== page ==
Beyond Gbagbo’s Last Stand

Laurent GbagboAfter the drama of Laurent Gbagbo’s capture in Abidjan, international attention has swung away from Cote d’Ivoire. At the precise moment when external voices for justice are most necessary, the cameras and critics seem to have moved on. Reducing Cote d’Ivoire’s political struggle to the recent presidential contest is a profound misunderstanding of the complexity of the Ivorian conflict and a sure way to miss the path toward peace. Until Ivory Coast’s future is detached from the personal fortunes of a rotating cast of strongmen, the country remains caught in a political cycle where the Ivorian people always lose.

Rewind 10 years and Laurent Gbagbo is a champion of democracy seizing national power after General Robert Guéi defies election results. Fast forward to 2011 and Gbagbo has become the recalcitrant leader deposed by President-elect Alassane Ouattara’s troops after a contested election. A decade ago, democratic elections did not inoculate the country against continuing instability and violence; it would be naïve to expect the fact of electoral democracy to usher in national reconciliation in 2011.

Both Gbagbo and Ouattara have shown themselves ill-equipped to lead the hard work of peace building in a divided society. Both are deeply ingrained within the fabric of Ivorian politics and have been figureheads since the days of Félix Houphoüet-Boigny, the grand old man of Ivory Coast, whose autocratic leadership set the stage for today’s instability. Both Gbagbo and Ouattara have run for president multiple times, both men are implicated within the protracted civil conflict, and now, both have mounted victorious campaigns of civil violence to assert their right to lead.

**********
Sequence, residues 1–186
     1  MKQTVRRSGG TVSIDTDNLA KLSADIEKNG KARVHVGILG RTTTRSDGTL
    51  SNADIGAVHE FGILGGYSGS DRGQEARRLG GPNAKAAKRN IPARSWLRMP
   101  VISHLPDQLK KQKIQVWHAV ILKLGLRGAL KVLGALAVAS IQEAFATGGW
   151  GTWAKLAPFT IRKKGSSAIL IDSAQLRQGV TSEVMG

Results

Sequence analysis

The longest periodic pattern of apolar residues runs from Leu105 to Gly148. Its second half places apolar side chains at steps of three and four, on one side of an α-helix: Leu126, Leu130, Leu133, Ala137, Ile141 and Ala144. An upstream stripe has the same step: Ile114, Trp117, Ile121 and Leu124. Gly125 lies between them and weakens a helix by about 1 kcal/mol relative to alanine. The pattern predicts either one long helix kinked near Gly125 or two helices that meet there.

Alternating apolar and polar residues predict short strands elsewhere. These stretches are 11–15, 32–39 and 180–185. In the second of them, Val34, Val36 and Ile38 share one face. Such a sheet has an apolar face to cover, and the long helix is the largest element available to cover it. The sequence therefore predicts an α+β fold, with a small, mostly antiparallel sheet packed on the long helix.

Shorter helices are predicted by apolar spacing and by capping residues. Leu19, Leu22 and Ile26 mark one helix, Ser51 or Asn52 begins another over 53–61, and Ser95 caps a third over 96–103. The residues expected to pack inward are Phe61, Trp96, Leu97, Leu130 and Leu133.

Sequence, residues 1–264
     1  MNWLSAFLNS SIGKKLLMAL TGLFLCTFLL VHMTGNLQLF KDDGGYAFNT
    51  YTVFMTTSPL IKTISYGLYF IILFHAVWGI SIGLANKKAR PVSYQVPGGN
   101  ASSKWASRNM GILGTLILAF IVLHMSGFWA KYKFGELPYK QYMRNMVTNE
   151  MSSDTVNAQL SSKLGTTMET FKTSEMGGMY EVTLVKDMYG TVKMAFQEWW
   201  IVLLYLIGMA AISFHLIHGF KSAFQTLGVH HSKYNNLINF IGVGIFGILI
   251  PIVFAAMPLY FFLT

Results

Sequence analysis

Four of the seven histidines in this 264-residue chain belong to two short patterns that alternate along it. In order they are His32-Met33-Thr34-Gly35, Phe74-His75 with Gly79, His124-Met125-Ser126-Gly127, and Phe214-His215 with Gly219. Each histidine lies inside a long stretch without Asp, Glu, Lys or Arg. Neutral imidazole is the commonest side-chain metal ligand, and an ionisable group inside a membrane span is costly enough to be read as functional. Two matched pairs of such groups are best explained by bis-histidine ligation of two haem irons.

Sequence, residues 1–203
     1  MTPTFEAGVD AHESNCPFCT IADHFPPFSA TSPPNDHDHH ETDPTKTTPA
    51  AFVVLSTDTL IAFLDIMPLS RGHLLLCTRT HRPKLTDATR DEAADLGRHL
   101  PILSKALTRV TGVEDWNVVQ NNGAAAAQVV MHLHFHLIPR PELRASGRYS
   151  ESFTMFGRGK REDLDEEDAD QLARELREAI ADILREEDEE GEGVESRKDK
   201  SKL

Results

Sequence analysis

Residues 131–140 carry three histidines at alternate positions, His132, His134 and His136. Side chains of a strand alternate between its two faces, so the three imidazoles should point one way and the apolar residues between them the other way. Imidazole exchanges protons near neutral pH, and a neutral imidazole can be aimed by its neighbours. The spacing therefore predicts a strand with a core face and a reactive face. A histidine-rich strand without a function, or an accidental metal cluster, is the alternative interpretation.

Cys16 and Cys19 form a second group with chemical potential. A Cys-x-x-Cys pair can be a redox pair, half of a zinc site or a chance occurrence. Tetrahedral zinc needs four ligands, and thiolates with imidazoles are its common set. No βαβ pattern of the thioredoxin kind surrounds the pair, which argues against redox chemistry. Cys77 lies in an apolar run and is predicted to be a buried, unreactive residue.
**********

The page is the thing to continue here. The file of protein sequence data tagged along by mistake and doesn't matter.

The Illusion of Reform

The failures of Laurent Gbagbo are glaring. A Sorbonne-educated history professor, former trade unionist, and democracy activist, Gbagbo worked for decades to challenge Houphoüet-Boigny’s autocratic rule only to morph into yet another “leader” willing to jeopardize his people’s future to build up his own power. During his years as president, civil conflict broke out regularly, human rights abuses were swept under the rug, and Ivorians grew progressively poorer.

Then there are the failings of Alassane Ouattara, the IMF economist and former Prime Minister recently installed as president. After narrowly winning the 2010 national elections, Ouattara was reduced to calling for French and UN soldiers to occupy his country and “neutralize” his countrymen. This is not the act of a wise leader in a country emerging from civil conflict.

By requesting French boots on Ivorian soil, Ouattara blundered into the controversy about France’s continuing role in the fortunes of one of its most profitable former colonies. In 2004, France destroyed the entire Ivorian air force in retaliation against strikes that killed nine French soldiers stationed in the country’s northern region. Six years ago, French helicopters were dropping concussion grenades and tear gas on urban Abidjan and French troops clashed with street crowds. Now, France’s attempt to fashion itself a disinterested humanitarian force in this same territory is ludicrous; purveyors of violence one day cannot claim to be peacekeepers the next. By aligning himself with Sarkozy’s force, Ouattara has created another roadblock in his search for credibility as a national leader.